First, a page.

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What causes exophthalmos or bulging eyes and what are the treatments?
Medically reviewed by Alastair Lockwood on 16 March 2021
Proptosis is the medical term for eyes that are pushed forward from inside the orbit. If associated with thyroid dysfunction this is known as exophthalmos.
What is Exophthalmos caused by?
Exophthalmos (proptosis due to thyroid dysfunction) is most commonly caused by Graves' ophthalmopathy.
Graves' ophthalmopathy is where the immune system attacks healthy tissue mistakenly. With thyroid eye disease, the immune system attacks the muscles and fatty tissue surrounding the eyes, causing them to become swollen and bulge.
This autoimmune condition is more common in women and smokers. It affects 1 in every 3 people with an overactive thyroid gland (hyperthyroidism) from Graves' disease. Occasionally thyroid eye disease can affect those with an underactive thyroid gland and sometimes even those with normal thyroid function.
What is bulging eyes a symptom of?
What are the other causes of proptosis?:
- Infection of the tissue in the eye socket
- Bleeding behind the eyes
Proptosis can lead to symptoms such as:
- Pain in the eyes
- Dry eyes
- Eye irritation
- Sensitivity to light
- Double vision
- Blurred vision
- Vision loss
- Pressure behind or around your eyes
- Trouble moving your eyes
- Eye secretions and teary eyes
Can proptosis be treated?
The treatment of proptosis depends on the cause, and severity. If there is risk of compression to the optic nerve prompt intervention is required and may require surgery.
An ophthalmologist (eye specialist) will check a range of things.
They may do the following:
- Check your eye movements
- Arrange for an MRI scan or CT scan
- Measure how far your eyeball protrudes using an exophthalmometer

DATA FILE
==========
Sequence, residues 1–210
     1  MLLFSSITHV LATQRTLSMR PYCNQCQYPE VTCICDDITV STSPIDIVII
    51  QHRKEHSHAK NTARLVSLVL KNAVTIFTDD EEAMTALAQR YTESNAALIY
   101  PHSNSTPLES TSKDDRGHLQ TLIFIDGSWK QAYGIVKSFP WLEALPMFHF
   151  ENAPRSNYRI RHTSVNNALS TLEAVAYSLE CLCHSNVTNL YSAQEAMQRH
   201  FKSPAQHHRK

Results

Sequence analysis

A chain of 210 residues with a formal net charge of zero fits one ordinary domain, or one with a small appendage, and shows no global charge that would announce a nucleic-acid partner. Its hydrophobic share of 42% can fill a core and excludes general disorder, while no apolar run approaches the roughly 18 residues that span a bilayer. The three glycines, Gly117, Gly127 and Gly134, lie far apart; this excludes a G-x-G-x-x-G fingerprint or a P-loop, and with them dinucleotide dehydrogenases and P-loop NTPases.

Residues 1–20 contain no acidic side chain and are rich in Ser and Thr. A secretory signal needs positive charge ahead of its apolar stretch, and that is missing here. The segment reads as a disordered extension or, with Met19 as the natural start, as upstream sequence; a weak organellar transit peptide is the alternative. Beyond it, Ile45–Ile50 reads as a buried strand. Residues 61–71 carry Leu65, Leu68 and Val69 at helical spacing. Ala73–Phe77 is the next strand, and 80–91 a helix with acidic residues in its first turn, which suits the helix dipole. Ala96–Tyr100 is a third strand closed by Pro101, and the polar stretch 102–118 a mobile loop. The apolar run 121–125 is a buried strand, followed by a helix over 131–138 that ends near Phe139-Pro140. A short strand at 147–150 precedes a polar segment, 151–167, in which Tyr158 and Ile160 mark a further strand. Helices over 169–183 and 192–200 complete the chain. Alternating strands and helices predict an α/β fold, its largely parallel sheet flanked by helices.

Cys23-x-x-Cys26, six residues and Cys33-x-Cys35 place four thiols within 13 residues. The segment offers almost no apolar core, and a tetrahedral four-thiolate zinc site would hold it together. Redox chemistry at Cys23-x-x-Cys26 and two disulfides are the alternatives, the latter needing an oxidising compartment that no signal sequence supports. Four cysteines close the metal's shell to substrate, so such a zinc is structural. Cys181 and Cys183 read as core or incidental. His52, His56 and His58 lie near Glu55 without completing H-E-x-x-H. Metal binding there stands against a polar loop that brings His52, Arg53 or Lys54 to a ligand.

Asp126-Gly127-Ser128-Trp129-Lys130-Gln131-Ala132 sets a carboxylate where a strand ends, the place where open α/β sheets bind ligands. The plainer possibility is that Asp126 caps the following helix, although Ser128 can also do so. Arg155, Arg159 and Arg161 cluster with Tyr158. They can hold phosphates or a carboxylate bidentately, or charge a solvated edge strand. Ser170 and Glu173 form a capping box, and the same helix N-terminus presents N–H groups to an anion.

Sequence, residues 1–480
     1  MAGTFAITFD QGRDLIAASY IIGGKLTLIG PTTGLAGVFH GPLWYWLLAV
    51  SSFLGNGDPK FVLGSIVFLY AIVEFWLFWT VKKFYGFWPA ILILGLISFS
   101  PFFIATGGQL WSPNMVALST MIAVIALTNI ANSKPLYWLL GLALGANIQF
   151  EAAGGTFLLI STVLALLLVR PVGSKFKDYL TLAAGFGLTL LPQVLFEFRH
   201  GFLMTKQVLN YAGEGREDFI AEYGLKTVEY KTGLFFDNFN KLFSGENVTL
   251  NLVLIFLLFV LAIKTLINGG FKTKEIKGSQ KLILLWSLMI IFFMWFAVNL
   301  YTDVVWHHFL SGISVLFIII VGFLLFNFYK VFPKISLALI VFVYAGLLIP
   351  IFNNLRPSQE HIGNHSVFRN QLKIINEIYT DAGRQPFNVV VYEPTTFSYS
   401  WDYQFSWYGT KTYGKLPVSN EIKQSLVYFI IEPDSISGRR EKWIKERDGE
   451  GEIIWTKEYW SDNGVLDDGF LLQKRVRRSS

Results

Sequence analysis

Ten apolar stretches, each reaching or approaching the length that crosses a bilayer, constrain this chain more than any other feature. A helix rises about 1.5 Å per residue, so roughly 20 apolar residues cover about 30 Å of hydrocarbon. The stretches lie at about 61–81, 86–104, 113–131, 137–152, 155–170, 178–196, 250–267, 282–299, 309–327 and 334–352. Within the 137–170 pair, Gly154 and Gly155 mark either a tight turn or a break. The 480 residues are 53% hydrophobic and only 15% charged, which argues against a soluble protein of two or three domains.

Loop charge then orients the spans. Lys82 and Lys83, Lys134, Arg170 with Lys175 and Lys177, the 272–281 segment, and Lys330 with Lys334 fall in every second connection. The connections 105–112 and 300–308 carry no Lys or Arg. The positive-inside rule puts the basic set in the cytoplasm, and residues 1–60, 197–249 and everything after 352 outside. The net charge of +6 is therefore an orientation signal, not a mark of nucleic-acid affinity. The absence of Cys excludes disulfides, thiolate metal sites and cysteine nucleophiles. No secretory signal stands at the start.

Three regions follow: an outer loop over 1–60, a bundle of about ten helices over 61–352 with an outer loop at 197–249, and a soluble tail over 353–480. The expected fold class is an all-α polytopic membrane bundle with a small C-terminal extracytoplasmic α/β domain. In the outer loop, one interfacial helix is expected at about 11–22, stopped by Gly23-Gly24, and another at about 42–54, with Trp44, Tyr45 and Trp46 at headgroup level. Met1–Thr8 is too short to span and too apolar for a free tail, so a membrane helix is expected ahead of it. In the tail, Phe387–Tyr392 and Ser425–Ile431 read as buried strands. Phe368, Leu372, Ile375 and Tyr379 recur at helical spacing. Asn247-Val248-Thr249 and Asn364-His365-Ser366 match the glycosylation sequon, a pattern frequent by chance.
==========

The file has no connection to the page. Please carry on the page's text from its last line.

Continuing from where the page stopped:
- Organise a blood test to check your thyroid gland
How do you treat exophthalmos/proptosis from Grave’s disease?
The treatment of Grave’s disease involves trying to reset the immune system, treating the thyroid hormone levels, and the eye problems that may develop.
There are two phases of thyroid eye disease that can occur at the same time as the thyroid dysfunction, after the onset of thyroid dysfunction, or may even precede detected thyroid dysfunction.
The two phases are:
- An active phase (which can last for up to two years) where they may be redness, pain and swelling.
- An inactive phase where the condition has settled down, but you may be left with long-term eye problems such as dry eye, double vision or a different eyelid position (ptosis or retraction).
Treating thyroid hormone levels
An overactive or underactive thyroid may be treated with medicine to correct the thyroid hormone levels in your blood.
Home treatment and self-care
Your doctor might also recommend the following during the active phase of thyroid eye disease:
- Not smoking reduces the risk of more severe disease
- Using extra pillows to raise your head while lying in bed
- Wearing sunglasses if you are also affected by photophobia
- Lubricating your eyes with eye drops
- Avoiding irritants such as dust and dirt
In severe cases of exophthalmos you may need high dose corticosteroids, and sometimes other similar disease modifying drugs. These help to control inflammation and stabilise the condition.
If corticosteroids are ineffective, orbital radiotherapy can be used alone or in conjunction with corticosteroids.
This type of treatment carries risks such as short-term vision problems, cataracts, and retinopathy.
If exophthalmos is severe or persistent, surgery may be required. It may need to be carried out during the active phase, if exophthalmos poses an immediate threat to your vision, or in the inactive period.
Is Grave's disease hereditary?
It is unclear if Graves’ disease is hereditary, as many genetic and environmental factors can increase the risk of one having the disease. Nevertheless, those who have close relatives with an autoimmune disorder, including Graves’ disease, are more likely to develop it.
Does thyroid eye disease get better?
Symptoms of thyroid eye disease may worsen during the active phase, which can last for up to 2 years; however, thyroid eye disease can get better during the inactive period when the eye settles down. The right treatment can also help thyroid eye disease get better and improve the appearance of bug eyes.
Quick links:A guide to retinal detachment
A guide to dry eye
A guide to double vision